• Department of Clinical Pharmacy, Faculty of Pharmacy, University of Medical Sciences and Technology, Khartoum, Sudan.
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Saad Mohamed Hussein Ayoub
  • Saad Mohamed Hussein Ayoub
  • Department of Pharmacognosy, Faculty of Pharmacy, University of Medical Sciences and Technology, Khartoum, Sudan.
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  •  Received: 16 January 2019
  •  Accepted: 03 April 2019
  •  Published: 31 August 2019

 ABSTRACT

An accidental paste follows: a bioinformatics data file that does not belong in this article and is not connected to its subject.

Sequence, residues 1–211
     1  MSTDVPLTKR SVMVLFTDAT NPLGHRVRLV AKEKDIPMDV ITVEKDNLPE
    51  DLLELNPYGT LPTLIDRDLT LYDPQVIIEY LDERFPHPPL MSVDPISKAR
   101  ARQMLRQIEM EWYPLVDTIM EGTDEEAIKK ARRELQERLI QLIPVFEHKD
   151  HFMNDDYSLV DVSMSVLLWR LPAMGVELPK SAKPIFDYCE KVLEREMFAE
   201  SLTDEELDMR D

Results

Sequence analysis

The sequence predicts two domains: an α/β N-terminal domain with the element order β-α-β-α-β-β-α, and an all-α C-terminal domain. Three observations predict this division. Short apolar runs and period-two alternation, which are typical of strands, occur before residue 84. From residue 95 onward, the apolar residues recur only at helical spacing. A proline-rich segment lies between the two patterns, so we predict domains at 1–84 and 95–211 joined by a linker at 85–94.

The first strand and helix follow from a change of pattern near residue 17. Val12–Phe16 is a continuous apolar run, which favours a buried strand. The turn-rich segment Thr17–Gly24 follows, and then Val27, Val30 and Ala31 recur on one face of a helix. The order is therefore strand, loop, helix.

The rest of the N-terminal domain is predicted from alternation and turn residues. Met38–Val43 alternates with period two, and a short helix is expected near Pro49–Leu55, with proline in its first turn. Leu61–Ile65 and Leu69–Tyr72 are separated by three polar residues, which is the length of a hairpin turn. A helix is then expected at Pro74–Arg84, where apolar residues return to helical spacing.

Adansonia digitata (Bombacaceae) and Tamarindus indica (Fabaceae) are the most popular herbal products in Sudan; they are used as food ingredients and in traditional treatments of various diseases. The aim of this study is to investigate phytochemical contents, antioxidant, anti-inflammatory and antimicrobial activities of plants fruit, leaf and bark ethanolic extracts. The phytochemical screening of different extracts revealed the presence of alkaloids, flavonoids, sterols/triterpens, tannins, saponins, coumarins, glycosides, reducing sugar, lignin and carbohydrates. The results indicate that all the extracts have reducing power DPPH radical scavenging abilities. The highest antioxidant activity showed in A. digitata parts. The fruit extracts of both plants showed the highest antioxidant activity (84.07 and 83.98% for A. digitata and T. indica, respectively). The in vitro anti-inflammatory effects have been studied by human albumin denaturation, and both plant extracts showed remarkable activity. Leaf extracts showed highest anti-inflammatory activity (76.714, 62 and 82.71% for A. digitata, T. indica and mixture of both respectively). The results of antimicrobial activity showed the effectiveness of mixture extracts against tested standard pathogens. Fruit mixtures showed the highest activity against B. subtilis (19 mm), S. aureus (35 mm) and S. typhi (21 mm), while the mixture of bark extracts showed the highest activity against E. coli (19 mm). It is noteworthy that higher antioxidant, anti-inflammatory and antimicrobial activities have been observed by blends in the ratio 1:1 of fruit, leaf and bark extracts of both plants.